New Britain City Journal

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State of the City

Other than stating that some business is coming into the site presently held empty at the former Shaw’s building on West Main St., Mayor Tim O’Brien said little as he spoke for nearly 30 minutes Wednesday night reiterating items that appeared to set his political agenda for the 2013 mayoral campaign.

Although he did not release details of what will be at the Shaw’s site, he said “in the coming weeks we expect to announce a new and exciting development at the Shaw’s site left vacant for very long.”

During the written speech, he spoke of job creation such as more construction in the City, referring to CTFastrak.

“Everything depends on having a successful economy,” O’Brien said. He took credit for various new business expansions such as Polymer Precision, Peter Paul Electronics and Costco which he previously opposed.

“The Costco project is well on track and expected to bring in 220 jobs and $500,000, in annual tax revenue,” said O’Brien. “Our police station is complete.”

He also said the Hospital of Central Connecticut broke ground on a $40 million, 70,000 square foot state of the art cancer center.

“We will continue to move forward,” he said. “In 2013 our downtown will continue to see transformation as promised and move forward with the downtown streetscape project.”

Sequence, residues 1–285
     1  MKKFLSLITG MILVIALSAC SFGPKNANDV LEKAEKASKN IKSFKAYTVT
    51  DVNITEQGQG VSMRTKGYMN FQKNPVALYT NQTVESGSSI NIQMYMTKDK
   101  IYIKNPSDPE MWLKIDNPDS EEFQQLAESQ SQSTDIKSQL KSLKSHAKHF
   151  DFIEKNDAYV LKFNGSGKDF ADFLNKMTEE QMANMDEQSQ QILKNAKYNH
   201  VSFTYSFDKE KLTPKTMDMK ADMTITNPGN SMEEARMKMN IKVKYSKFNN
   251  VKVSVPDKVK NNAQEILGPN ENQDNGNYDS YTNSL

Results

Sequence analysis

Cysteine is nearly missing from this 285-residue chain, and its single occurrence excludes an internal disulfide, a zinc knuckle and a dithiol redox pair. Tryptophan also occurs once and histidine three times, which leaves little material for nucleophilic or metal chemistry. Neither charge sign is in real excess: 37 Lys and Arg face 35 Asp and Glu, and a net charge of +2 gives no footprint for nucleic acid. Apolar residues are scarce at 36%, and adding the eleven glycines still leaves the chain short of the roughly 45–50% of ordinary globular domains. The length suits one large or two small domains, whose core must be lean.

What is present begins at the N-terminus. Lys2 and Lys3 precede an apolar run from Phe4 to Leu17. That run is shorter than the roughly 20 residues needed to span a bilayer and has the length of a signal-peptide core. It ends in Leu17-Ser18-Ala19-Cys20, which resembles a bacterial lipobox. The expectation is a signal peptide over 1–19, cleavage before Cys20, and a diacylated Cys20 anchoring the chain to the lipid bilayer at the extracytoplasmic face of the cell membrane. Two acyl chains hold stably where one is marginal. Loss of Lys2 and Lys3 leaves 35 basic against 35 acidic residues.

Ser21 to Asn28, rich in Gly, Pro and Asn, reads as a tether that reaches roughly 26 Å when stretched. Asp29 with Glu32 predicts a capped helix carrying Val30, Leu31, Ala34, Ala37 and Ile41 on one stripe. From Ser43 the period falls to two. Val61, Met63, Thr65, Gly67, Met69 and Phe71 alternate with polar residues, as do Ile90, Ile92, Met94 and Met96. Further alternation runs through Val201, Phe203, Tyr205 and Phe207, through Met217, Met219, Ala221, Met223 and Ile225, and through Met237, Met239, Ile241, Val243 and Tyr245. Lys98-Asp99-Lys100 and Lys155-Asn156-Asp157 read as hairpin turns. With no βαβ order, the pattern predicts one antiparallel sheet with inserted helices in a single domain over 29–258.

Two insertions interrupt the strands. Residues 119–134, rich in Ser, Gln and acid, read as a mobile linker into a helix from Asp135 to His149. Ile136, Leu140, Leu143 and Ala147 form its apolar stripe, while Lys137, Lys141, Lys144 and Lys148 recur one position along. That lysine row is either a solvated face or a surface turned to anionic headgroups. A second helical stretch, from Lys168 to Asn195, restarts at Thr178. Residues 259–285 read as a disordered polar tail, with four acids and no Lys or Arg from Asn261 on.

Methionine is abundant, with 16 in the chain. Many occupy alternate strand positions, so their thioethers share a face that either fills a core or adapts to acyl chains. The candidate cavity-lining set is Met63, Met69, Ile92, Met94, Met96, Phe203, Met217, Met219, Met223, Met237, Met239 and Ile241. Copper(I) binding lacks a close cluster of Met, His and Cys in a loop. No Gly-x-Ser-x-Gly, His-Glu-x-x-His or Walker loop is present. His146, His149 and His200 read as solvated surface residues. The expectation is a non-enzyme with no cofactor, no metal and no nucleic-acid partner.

He said this project will beautify downtown and provide bicycle and pedestrian infrastructure.

O’Brien also said he will continue the successful Halloween Celebration that took place in downtown. He said he will continue to use a marketing strategy that includes a communication system. He said he plans to continue to call resident by telephone to notify them of events happening in the City.

He also said he increased funds to the Board of Education which he stated had been flat funded for several years. He took credit for the new health professions magnet school approved at the Pinnacle Heights site.

He said he heavily prioritized community initiatives for young people.

O’Brien also spoke of blight saying he refused to back down.

“It takes more than a very strong ordinance to fight blight,” O’Brien said. “It takes political will.”

He said he has the greatest authority over blight. He stated that residents should call his office directly to fight blight.

He said his anti-blight policy has filed $1.2 million in liens, but only collected a mere $15,000. His 2012-13 budget predicted hundreds of thousands of dollars to be collected in that line item.

O’Brien also brought up that he had purchased the Berkowitz Building which continues to be the worst blighted building in the City. Over a month ago he said someone was purchasing it in two weeks, but nothing has been said since. He still claims there are two proposals.

O’Brien also said he has increased the police force.

“The goal of our police department is to create a better community and to work with residents to strengthen residents,” O’Brien said. “We have not had a murder in nearly a year down from three the previous year.”

Financial challenges is another topic O’Brien brought up speaking of consolidating departments and his budget that maintained services without raising taxes.

“We have accomplished so much already,” said O’Brien. “But there is so much more work that needs to be done. We can say over the actions the last 16 months we are headed in a better direction.”

O’Brien said he is in the process of making next year’s budget and will not raise property taxes.